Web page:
But being involved in the games and being a motivator for his teammates is Josh Crittle’s way of tricking his mind into believing that he’s very much a part of the UCF basketball team even though he’s ineligible to play this season.

“I have to stay involved or it would drive me crazy sitting out. I’m trying to do as much as I can to stay involved and help my team out,” said Crittle, who must sit out this season after transferring to UCF from Oregon. “It’s real tough sitting down and watching our team. I’m already excited about being a part of the team next year. I’m just looking forward to practice every day as my gameday. I look forward to it and I take practice serious.”

UCF’s scout team is loaded with talent and potential with Virginia transfer Tristan Spurlock, Illinois transfer Jeff Jordan and Crittle. That group has given the Knights practice depth and has done a good job of giving the first-string squad a realistic look of what it will encounter in games. And occasionally, the group even gets the best of the regular rotation in drills and scrimmages.

“We feel like we’re the best scout team in America,” Crittle said. “We just think that no other one has as much talent as we do.”

Crittle, a 6-foot-8, 270-pound power forward/center, has plenty of talent and should give the Knights more depth, size and toughness next season. The Bellwoood, Ill., native averaged 2.9 points and 2.1 rebounds while appearing in 51 games in his two seasons at Oregon.

But his future now is at UCF, and Crittle sees big things ahead for the Knights with the Division I transfers joining the star-studded recruiting class on the way. He thinks this sitting out season will be beneficial to him because it allows him to learn the system and the current players while also working on his game individually.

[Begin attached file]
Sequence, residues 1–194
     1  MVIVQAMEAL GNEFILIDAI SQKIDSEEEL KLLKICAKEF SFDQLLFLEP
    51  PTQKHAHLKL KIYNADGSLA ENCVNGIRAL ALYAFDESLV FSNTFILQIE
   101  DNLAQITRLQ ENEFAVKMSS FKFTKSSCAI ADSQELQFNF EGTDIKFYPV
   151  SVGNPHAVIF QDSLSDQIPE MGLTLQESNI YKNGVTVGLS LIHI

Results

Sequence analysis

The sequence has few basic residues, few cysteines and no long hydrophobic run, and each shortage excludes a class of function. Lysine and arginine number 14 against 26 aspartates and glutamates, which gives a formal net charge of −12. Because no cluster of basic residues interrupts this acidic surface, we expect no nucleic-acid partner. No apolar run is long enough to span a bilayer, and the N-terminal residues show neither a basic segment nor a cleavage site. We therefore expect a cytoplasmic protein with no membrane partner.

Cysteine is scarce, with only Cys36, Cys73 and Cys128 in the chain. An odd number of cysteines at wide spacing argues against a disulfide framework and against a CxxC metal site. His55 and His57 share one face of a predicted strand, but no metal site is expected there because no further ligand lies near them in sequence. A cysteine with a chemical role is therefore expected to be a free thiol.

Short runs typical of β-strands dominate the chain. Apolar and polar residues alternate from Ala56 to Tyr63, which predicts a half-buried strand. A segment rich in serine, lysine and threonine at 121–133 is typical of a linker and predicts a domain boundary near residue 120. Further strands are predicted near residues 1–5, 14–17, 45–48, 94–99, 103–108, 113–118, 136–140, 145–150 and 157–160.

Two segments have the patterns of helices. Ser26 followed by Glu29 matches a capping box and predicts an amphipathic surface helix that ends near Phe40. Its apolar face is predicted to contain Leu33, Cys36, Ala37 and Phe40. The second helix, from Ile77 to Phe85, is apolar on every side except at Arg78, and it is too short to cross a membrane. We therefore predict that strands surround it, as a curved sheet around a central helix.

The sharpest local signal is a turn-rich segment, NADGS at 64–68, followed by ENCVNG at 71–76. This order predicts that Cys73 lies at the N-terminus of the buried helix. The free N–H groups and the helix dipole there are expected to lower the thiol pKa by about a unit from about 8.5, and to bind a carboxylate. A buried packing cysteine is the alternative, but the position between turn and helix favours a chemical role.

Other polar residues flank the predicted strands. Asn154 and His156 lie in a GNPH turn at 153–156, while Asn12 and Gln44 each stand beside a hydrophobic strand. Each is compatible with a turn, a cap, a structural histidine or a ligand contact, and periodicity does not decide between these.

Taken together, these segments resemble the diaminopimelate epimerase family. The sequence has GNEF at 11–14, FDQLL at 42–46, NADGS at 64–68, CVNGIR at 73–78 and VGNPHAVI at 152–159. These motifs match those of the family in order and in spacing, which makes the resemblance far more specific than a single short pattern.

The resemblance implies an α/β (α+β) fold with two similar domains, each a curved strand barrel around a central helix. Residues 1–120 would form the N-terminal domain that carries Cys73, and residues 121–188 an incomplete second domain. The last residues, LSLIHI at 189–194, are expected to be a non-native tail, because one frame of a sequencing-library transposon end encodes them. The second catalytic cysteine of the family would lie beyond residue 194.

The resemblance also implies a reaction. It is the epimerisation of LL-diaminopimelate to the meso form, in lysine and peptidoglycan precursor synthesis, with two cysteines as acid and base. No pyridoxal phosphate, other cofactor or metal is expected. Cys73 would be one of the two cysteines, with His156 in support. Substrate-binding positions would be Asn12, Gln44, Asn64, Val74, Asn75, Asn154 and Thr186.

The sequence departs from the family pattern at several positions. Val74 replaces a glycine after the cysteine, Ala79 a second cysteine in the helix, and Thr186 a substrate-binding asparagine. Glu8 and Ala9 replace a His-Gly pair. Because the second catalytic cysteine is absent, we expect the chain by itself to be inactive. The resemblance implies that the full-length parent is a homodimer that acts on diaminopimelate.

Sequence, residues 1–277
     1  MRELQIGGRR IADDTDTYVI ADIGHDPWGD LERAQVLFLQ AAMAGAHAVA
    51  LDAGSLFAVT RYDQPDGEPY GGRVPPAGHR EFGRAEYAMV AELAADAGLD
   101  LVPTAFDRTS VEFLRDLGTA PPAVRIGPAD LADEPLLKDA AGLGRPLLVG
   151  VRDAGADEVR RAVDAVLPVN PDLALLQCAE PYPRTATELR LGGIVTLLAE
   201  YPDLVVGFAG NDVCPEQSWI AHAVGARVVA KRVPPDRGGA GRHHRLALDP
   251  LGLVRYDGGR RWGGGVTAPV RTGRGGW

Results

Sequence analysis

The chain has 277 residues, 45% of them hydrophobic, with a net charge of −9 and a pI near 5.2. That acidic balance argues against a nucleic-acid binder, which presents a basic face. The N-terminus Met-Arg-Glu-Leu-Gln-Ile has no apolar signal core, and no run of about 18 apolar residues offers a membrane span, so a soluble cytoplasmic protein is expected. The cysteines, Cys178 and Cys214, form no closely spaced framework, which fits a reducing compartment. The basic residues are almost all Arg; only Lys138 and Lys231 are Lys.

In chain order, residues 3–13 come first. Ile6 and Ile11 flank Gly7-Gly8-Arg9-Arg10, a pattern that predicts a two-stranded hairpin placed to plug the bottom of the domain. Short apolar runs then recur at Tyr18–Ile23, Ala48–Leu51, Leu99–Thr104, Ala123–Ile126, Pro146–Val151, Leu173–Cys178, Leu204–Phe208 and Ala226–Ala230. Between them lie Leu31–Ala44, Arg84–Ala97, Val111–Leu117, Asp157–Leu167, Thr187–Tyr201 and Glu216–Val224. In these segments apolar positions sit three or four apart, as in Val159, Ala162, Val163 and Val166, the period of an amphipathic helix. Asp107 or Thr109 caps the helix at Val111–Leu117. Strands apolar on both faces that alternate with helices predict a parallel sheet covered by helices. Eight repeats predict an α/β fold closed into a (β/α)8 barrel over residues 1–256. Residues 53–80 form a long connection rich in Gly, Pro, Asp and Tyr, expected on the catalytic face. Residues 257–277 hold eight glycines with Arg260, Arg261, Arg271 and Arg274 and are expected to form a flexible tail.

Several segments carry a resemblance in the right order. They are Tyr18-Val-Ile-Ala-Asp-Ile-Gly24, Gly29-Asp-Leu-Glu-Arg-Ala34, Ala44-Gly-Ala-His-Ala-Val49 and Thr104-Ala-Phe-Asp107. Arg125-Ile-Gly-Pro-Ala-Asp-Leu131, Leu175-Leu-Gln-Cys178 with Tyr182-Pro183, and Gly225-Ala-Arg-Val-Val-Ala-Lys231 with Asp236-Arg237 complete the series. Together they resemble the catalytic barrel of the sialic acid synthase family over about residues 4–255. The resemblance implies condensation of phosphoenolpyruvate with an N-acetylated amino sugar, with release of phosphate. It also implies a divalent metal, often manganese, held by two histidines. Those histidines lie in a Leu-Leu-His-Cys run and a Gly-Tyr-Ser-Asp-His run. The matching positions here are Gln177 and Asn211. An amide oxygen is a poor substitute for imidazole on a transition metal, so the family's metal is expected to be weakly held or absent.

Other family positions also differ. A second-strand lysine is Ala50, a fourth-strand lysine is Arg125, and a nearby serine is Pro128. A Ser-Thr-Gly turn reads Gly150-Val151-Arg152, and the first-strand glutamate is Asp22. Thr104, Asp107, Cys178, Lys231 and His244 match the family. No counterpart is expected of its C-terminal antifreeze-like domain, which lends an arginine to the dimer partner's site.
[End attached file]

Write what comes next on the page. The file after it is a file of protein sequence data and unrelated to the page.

“We have so much potential here with a great recruiting class coming in and our scout teams guys, too. I’m looking forward to all of those guys coming in and playing with them. We have the potential to do a lot of good things,” said Crittle, who was once ranked as the 29th-best high school center in the country by ESPN.com.

“I feel like we’ll merge really well with the other guys. We’ve had this year to improve individually and get to know each other. Our chemistry should be great. Hopefully we’ll hit the ground running.”

Crittle is doing plenty of running these days in hopes of slimming down his massive frame to become more mobile and improve his stamina. Crittle has dropped 15 pounds since the fall semester by getting in extra work and doing shooting drills with Spurlock at all hours of the night. The two can often be found near midnight playing one-on-one and helping each other get up hundreds of jump shots.

“I’m doing some extra cardio stuff every day and I’ve got my own diet that I’m trying to stick to. I want to cut down another 20 pounds or so to be ready for next year,” Crittle said. “I’m trying to get in great shape. After my (shoulder) surgery (last summer) I gained some weight, but since I’ve been back I’ve lost 15 pounds. I want to get to 250 or 245 by next season. Just from the 15 that I have lost I feel my energy is higher and I can move better.”

For now, Crittle does what he can to help his teammates by bringing energy and emotion off the bench during games. In time, he’ll bring that emotion to the playing court where he is confident that he’ll make the Knights a better team.

“I try to do whatever it takes to win,” he promised. “I do it all – from facing up, back to the basket and taking people off the dribble. I just want to do whatever the team needs me to do that night.”

John Denton’s Knights Insider appears on UCFAthletics.com several times a week. E-mail John at jdenton@athletics.ucf.edu.